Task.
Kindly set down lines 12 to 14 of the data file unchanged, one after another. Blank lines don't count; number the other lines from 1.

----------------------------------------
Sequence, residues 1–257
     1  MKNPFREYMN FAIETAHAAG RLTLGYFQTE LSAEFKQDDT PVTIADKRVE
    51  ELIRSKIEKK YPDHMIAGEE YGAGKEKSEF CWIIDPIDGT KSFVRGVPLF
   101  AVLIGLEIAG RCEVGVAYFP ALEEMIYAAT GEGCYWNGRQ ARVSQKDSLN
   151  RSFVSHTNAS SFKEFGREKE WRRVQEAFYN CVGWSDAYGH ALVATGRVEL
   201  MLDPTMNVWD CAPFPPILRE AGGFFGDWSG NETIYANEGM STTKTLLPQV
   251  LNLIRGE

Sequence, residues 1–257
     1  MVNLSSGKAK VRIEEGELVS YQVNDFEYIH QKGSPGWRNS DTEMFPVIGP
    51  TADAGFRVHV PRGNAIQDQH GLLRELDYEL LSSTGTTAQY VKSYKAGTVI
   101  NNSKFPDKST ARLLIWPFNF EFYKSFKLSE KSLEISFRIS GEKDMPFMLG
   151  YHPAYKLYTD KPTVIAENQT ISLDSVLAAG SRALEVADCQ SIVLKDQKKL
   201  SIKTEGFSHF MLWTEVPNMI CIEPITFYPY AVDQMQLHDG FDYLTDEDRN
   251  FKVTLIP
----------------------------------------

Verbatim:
   151  YHPAYKLYTD KPTVIAENQT ISLDSVLAAG SRALEVADCQ SIVLKDQKKL
   201  SIKTEGFSHF MLWTEVPNMI CIEPITFYPY AVDQMQLHDG FDYLTDEDRN
   251  FKVTLIP